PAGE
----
Rescuers thought he was dead until help came his way. He regained consciousness after several hours.
Alao, a 28-year-old indigene of Oka-Akoko in Ondo State, was among the 16,000 ad hoc workers recruited by the Independent National Electoral Commission for the 2019 general elections in Kebbi State.
According to the graduate of Geography and Planning Science from the Adekunle Ajasin University, Akungba, Ondo State, he was among the 2018 Batch C Stream II corps members in Kebbi State with state code KB/18C/2282. He served at the 223 Battalion Nigerian Army, Zuru and taught Geography at the Army Day Boys High School.
For the 2019 general elections, he was deployed in Tundu-Bichi 1 Polling Unit at Ribah, Danko-Wasagu Local Government Area of the state. The distance between Zuru, his place of primary assignment, and Ribah (about 32km) was less than an hour.
He successfully travelled for the presidential election on February 23, 2019. But he nearly lost his life two weeks later when he travelled for the March 9, 2019 governorship election.
On the eve of the governorship election, Alao said he left the INEC office at Zuru around 8pm after collecting the electoral materials needed for the election and boarded a saloon car heading for Ribah. He said he sat at the front with another passenger, making three people who sat at the front with the driver. Four passengers sat at the back. The road was well paved, so the driver raced to get to their destination on time. But that was a huge mistake that cost two passengers their lives.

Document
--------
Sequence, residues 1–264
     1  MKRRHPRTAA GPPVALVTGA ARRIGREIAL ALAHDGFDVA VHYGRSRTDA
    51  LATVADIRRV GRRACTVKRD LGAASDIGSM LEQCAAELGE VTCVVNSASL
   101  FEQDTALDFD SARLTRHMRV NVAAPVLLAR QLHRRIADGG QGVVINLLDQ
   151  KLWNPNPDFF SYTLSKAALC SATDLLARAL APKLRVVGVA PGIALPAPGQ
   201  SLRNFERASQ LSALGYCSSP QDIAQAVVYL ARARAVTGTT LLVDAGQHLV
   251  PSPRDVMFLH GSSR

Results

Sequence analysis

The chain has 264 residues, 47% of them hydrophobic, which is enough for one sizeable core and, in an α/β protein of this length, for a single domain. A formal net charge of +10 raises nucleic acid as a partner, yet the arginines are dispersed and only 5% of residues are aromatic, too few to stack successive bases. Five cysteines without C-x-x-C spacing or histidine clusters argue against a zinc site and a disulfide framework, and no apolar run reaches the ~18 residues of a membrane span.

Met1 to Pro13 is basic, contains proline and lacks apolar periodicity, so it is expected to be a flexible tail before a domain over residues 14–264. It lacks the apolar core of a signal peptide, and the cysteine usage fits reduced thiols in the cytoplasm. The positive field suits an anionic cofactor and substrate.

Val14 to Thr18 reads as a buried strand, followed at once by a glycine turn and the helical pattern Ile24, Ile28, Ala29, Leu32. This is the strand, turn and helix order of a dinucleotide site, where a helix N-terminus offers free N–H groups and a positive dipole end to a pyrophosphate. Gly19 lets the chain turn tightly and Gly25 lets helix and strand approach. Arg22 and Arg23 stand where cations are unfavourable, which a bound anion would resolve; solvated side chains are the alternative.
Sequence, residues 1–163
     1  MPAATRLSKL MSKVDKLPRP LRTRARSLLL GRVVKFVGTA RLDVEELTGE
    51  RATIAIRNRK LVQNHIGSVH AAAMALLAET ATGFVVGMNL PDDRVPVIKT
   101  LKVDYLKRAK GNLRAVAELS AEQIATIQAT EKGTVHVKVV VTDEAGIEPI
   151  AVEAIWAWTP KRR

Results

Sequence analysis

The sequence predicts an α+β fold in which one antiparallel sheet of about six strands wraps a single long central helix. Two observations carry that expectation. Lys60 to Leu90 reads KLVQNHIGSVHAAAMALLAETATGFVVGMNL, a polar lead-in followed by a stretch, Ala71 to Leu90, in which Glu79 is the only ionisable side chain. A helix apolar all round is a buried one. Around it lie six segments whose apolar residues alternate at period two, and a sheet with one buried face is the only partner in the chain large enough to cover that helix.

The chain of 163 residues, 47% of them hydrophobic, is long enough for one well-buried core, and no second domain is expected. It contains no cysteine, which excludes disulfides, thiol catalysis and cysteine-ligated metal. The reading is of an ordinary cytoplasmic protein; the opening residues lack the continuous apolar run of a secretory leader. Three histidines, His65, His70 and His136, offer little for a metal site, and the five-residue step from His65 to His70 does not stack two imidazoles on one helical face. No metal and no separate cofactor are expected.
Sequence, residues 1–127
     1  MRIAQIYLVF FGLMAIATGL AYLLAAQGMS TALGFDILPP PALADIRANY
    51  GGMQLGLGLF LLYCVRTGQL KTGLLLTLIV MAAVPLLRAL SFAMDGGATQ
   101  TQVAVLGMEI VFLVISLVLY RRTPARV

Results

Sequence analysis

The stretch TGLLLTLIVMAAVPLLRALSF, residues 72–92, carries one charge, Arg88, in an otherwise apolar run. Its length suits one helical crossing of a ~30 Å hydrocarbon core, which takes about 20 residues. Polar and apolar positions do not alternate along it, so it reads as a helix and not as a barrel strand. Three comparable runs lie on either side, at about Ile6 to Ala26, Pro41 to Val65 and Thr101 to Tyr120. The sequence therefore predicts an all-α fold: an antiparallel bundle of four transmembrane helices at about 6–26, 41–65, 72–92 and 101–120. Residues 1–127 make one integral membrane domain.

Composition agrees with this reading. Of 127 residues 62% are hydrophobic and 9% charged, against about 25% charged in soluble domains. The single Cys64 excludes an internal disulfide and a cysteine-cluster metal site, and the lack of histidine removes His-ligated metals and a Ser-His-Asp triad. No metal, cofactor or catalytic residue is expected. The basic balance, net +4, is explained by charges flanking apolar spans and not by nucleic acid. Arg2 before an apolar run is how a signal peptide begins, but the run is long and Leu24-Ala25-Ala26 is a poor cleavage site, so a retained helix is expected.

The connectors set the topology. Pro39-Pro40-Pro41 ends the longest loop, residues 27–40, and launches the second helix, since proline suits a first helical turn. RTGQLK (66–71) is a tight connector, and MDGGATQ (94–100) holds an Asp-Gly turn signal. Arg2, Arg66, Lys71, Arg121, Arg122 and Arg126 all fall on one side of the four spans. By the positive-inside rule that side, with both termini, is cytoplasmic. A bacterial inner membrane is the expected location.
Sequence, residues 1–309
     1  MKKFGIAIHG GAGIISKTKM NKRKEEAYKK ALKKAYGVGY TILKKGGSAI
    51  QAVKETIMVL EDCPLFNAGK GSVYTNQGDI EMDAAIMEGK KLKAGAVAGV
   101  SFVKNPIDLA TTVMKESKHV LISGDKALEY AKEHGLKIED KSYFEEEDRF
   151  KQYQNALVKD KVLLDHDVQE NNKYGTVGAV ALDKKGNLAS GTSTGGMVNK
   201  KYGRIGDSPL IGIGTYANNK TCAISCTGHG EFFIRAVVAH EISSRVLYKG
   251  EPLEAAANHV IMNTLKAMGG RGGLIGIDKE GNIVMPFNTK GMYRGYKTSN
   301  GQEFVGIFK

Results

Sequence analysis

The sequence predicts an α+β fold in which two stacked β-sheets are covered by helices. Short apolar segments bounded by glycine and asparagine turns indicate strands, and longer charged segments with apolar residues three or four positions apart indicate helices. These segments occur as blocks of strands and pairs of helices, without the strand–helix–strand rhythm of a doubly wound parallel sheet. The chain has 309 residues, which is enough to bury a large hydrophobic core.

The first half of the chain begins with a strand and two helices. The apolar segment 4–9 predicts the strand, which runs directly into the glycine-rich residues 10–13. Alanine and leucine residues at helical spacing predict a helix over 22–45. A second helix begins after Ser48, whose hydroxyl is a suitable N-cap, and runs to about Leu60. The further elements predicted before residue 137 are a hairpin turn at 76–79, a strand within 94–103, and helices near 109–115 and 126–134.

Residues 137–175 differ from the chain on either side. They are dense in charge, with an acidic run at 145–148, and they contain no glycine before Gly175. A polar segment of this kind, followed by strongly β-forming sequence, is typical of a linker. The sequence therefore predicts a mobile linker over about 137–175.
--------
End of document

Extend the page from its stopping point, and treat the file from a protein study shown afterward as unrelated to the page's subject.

“We were close to Ribah when the accident occurred. I learnt that excess speeding caused it. It was dark and the vehicle’s headlamps were not bright. Our vehicle ran into a ditch and hit an electric pole. Two passengers died. They had to disintegrate the car before we were pulled out.
“I was informed that a pastor in the community mobilised his church members to take us to the hospital that night,” Alao told Sunday PUNCH.
He and other injured passengers were thereafter admitted to the General Hospital at Ribah, where he regained consciousness after several hours.
He added, “I was the only corps member among the passengers. When I regained consciousness, I saw blood trickling from my right ear.